Kara Swisher

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CFO Goldman Says Mayer Regime Has Been Improving “Quality of Life” at Yahoo


At a Morgan Stanley investment conference today, the affable Yahoo CFO Ken Goldman put in an appearance to talk about life at Yahoo since he got there last fall.

Unfortunately, he said almost nothing new in an onstage interview and, more importantly, did not address the hot-button controversy around the work-from-home ban that CEO Marissa Mayer instituted last week.

To be fair, that’s because Goldman was not asked by anyone about the issue, which is perhaps not a surprise at these hand-holding investor events. But he did make a veiled reference when touting its “strong leadership” now.

“What gives people confidence is that we’re making decisions,” he said. “The worst thing to do in a company is to waffle.” But Goldman then added obliquely that some people like those decisions and “some people don’t.”

No, they don’t! Woo-hee, has this one blown up!

The work-from-home debate has certainly exploded across the landscape this week, after an edict to eliminate the long-time employee policy at Yahoo, especially since most other Internet companies tout flexible work arrangements.

But, apparently, Mayer thinks Yahoos have abused the privilege — she noted at an employee meeting last week that VPN logs showed work-at-home staff did not sign on enough — and a Yahoo internal memo said that working “physically together” was the way to reenergize the lagging fortunes at the company.

Opinions inside Yahoo about the topic have been mixed but heated, essentially pitting employees against each other in an awkward way. But the reaction from outside the company has been decidedly negative.

At the Morgan event in San Francisco, Goldman instead focused on the sunnier side of the street at the Silicon Valley Internet giant, noting the Mayer regime was focused on increasing user engagement, international presence and broadening its demographics.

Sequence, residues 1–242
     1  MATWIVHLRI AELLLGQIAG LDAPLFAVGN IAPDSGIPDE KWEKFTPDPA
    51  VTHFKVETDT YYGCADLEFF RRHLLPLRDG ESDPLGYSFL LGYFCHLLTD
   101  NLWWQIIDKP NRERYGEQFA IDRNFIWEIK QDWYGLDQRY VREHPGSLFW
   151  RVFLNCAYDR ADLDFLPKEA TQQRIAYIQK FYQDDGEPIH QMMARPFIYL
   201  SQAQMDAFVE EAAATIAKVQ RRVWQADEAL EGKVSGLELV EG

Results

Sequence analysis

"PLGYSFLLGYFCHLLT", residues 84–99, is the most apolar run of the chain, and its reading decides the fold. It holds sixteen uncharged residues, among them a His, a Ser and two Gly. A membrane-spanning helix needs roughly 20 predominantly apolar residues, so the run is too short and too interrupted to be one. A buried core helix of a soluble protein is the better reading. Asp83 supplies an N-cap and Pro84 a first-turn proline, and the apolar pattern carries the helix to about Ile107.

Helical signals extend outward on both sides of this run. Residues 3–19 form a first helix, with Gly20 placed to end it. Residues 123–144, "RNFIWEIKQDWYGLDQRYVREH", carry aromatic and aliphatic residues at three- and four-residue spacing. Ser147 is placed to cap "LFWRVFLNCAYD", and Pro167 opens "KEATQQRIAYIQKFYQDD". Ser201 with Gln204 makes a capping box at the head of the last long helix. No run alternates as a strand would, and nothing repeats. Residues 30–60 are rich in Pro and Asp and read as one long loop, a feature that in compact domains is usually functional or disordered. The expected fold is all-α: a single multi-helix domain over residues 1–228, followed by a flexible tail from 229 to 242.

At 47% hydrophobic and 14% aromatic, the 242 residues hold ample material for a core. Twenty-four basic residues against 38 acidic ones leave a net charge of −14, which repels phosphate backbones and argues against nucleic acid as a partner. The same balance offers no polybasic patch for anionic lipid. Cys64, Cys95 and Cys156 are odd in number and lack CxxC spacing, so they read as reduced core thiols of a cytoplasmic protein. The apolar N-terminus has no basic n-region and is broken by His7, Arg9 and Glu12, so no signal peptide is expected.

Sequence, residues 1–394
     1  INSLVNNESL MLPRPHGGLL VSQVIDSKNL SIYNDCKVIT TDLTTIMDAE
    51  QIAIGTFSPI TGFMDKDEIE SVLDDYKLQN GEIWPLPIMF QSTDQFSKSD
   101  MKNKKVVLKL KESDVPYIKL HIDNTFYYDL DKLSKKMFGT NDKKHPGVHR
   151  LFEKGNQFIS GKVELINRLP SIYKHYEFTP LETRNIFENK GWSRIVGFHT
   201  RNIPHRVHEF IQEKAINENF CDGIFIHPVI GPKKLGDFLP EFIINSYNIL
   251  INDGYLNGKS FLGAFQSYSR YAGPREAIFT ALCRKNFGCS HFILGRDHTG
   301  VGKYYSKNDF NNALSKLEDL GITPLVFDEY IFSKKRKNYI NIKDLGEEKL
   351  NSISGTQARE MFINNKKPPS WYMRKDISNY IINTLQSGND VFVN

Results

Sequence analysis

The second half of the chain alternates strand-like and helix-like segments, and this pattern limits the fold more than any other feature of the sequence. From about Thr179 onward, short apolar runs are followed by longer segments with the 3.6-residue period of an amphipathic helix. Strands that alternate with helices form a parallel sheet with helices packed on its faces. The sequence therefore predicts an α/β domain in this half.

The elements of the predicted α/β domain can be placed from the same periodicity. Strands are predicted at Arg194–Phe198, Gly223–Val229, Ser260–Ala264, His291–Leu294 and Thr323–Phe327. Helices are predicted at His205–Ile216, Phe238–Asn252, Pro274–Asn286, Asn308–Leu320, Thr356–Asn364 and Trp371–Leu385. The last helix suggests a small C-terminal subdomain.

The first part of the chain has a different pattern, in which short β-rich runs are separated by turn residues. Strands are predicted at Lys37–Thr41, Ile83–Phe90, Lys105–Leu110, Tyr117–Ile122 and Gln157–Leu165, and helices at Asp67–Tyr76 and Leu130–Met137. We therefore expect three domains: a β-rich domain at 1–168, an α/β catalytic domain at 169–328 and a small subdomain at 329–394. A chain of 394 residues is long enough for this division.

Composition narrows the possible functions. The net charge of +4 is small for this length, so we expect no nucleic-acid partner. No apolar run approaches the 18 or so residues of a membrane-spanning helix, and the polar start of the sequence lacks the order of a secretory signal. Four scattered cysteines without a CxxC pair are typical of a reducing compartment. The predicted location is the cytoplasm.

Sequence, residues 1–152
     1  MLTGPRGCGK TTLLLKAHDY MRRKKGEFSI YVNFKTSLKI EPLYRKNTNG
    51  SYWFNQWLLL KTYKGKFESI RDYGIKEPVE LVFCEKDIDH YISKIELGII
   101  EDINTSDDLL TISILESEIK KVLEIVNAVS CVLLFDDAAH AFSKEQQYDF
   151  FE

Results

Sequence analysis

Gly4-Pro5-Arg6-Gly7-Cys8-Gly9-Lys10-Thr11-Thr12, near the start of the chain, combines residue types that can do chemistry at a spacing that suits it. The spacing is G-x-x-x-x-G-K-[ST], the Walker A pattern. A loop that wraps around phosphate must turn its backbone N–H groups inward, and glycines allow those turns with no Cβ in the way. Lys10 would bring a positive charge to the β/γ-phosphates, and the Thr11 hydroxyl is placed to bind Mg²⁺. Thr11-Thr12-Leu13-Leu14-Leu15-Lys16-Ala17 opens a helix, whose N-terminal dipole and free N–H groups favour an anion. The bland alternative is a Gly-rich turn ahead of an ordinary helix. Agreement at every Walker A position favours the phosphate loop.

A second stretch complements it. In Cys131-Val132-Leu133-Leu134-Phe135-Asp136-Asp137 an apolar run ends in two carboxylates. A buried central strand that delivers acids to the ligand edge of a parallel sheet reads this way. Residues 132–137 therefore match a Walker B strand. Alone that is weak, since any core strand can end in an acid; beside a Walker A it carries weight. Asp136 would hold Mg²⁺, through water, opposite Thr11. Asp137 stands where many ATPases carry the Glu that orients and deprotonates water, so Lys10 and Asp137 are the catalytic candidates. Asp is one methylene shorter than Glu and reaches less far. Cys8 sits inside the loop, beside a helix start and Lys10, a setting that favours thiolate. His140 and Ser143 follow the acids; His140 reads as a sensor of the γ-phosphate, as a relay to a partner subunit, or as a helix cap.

“The thing that just struck me over and over is how much has been done by this company that is really new,” said Goldman, pointing inevitably to the new free food policy — which has long been common across Silicon Valley — as well as a quarterly goal system, employee reviews, weekly FYI meetings and more.

Referring to internal polls showing increased confidence among staff, he added: “What really strikes me is how much has been done to really improve the quality of life at Yahoo.”

Goldman also touched on the need to increase revenue, spur innovation and also some upgrades of core products such as Yahoo Mail and its famous homepage, although leaving out that this had been in the works before the new leadership team was in place.

He also talked, as Mayer has a lot, about the importance of mobile to the future there, noting that the mobile revenue was still “modest.” (Goldman declined to say just how modest, but I posted that depressing number here.)

“We just got into this is a major way,” he said, asking investors for patience to get up to mobile speed at Yahoo. “I think we have been clear it will take us some time, but we have taken some positive steps.”

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— Kara Swisher and Walt Mossberg, in their farewell D post